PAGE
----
History and Creation of the U.S. 20 Cent Coin
In 21st century America, you’d be hard-pressed to find a bubble gum machine that will accept anything less than a quarter. But in 1875, 20 cents held real purchasing power. Depending on your area, it could be used to buy roughly a dozen eggs or three gallons of milk. But if one could just as easily make a 20 cent purchase with two dimes, why develop the 1875 20 cent coin?
In 1873, newly elected Nevada Senator John P. Jones arrived in Washington, D.C., anxious to serve his constituents on the American frontier. Among the chief concerns of the citizens of Nevada, and throughout the Far West, was a coin shortage that had lingered since the chaos of the Civil War.
Sen. Jones was no novice to Precious Metals. He first began mining Gold in 1849 in the California Gold rush and later amassed a fortune by gaining control of a Silver mine in Nevada in 1870. Sen. Jones hoped to see Nevadans more fully engaged in the national economy, but was also aware of the interests of Silver mining companies that desired increased demand by the federal government. In 1874, he pushed through legislation to mint the U.S. 20 cent coin.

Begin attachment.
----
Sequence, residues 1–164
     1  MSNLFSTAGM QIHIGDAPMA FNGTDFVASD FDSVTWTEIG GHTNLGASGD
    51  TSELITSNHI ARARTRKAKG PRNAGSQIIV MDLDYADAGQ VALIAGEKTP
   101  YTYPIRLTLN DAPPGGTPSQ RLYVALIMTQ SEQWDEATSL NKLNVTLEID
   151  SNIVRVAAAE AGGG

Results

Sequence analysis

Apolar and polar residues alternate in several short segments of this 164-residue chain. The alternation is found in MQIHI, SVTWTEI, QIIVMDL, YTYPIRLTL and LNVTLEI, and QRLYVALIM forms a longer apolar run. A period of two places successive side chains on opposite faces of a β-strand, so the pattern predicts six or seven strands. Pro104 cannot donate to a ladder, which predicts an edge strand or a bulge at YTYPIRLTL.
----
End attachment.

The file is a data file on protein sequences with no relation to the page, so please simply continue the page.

But almost immediately after its release in 1875, U.S. 20 cent coins caused confusion and frustration. The new 20 cent pieces measured at 22 millimeters, just slightly smaller than long-established quarters at 24.3 millimeters. The obverses of both quarters and 20 cent coins were nearly identical. The two coins were frequently mistaken for each other, causing headaches for merchants and consumers.
By July 1876, Congress first introduced legislation to have the 20 cent coin abolished. While the bill failed to pass, it led to a further decrease in public confidence in the coin. Between 1877 and 1878, the Philadelphia Mint released only limited quantities of 20 cent pieces as proofs for collectors. In March of 1877, the U.S. Mint melted down 12,359 20 cent coins, including almost the entire mintage of 1876. Experts believe that no more than two dozen of the 1876 20 cent coins remain today. The coin was formally abolished by Congress in 1878.
Today, this short-lived coin adds character and value to collections. Browse APMEX’s wide selection of rare U.S. 20 cent coins.